These have good energy density per volume, although their energy density per weight is often worse than the leading hydrocarbon fuels.
Solid hydride storage is a leading contender for automotive storage. A hydride tank is about three times larger and four times heavier than a gasoline tank holding the same energy.
For a standard car, that's about 45 US gallons (0.17 m³) of space and 600 pounds (270 kg) versus 15 US gallons (0.057 m³) and 150 pounds (70 kg).
A standard gasoline tank weighs a few dozen pounds (tens of kilograms) and is made of steel costing less than a dollar a pound ($2.20/kg). Lithium, the primary constituent by weight of a hydride storage vessel, currently costs over $40 a pound ($90/kg). Any hydride will need to be recycled or recharged with hydrogen, either on board the automobile or at a recycling plant.
Often hydrides react by combusting rather violently upon exposure to moist air, and are quite toxic to humans in contact with the skin or eyes, hence cumbersome to handle (see borane, lithium aluminium hydride).
This is why such fuels, despite being proposed and vigorously researched by the space launch industry, have never been used in any actual launch vehicle.
Few hydrides provide low reactivity (high safety) and high hydrogen storage densities (above 10% per mass) Leading candidates are Sodium borohydride and Lithium hydride.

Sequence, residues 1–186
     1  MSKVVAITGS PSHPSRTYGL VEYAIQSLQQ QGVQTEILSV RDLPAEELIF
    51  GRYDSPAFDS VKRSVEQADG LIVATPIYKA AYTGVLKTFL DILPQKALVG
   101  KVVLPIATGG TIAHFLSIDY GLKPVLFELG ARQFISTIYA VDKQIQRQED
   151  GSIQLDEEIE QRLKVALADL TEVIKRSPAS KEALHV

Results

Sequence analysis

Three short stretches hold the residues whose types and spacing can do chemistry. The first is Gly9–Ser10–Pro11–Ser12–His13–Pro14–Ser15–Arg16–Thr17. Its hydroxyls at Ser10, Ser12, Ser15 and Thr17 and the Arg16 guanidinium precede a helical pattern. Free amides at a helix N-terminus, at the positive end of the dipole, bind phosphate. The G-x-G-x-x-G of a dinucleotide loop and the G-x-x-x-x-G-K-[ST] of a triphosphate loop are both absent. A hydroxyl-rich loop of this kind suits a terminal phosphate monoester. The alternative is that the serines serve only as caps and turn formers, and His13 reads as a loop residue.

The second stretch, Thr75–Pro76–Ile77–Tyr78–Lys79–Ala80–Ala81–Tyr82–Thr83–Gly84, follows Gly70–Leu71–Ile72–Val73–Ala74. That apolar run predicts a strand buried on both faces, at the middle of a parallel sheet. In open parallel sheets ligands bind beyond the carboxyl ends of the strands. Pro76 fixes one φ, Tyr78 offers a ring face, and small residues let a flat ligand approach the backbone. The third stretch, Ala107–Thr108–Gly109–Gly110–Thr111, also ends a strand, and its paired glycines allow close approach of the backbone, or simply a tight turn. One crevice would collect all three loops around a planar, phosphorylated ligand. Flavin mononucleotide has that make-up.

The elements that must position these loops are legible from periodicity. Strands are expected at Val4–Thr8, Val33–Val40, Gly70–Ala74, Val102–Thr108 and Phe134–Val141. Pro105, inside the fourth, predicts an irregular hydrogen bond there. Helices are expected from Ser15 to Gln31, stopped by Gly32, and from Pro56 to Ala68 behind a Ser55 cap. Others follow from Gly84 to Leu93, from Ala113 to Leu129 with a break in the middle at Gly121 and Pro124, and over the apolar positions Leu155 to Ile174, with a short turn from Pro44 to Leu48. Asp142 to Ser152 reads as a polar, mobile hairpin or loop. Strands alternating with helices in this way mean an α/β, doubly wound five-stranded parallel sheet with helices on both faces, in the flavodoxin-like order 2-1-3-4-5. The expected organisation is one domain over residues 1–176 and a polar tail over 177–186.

Sodium borohydride can be stored as a liquid when mixed with water, but must be stored at very high concentrations to produce desirable hydrogen densities, thus required complicated water recycling systems in a fuel cell.
As a liquid Sodium borohydride does provide the advantage of being able to react directly in a fuel cell, allowing the production of cheaper fuels cells that does not need platinum catalyses for hydrogen.
Recycling sodium borohydride is energy expensive and would require a recycling plants.
An alternative to hydrides is to use regular hydrocarbon fuels as the hydrogen carrier. Then a small hydrogen reformer would extract the hydrogen as needed by the fuel cell.
The problem is reformers are slow and given the energy losses involved plus the extra cost of the fuel cell you were probably better off burning it in a cheap internal combustion engine to begin with.
Direct Alcohol Fuel Cells can circumnavigate the problem of reforms, but provide lower efficiencies and power densities compared to convention fuel cells, although this could be counter balanced with the much better energy densities of ethanol and methanol over hydrogen. Also alcohol fuel is independent from fossil fuels.
Solid-oxide_fuel_cells can run on light hydrocarbons such as propane and methane with reforms, can run on higher hydrocarbons with only partial reforming, but the high temperatures and slow startup times of these fuel cells makes then prohibitive for automobiles.
More exotic hydrogen carriers based on nanotechnology have been proposed, such as carbon buckyballs and nanotubes, but these are still in the early research stage.
Storage is the main technological problem of a viable hydrogen economy.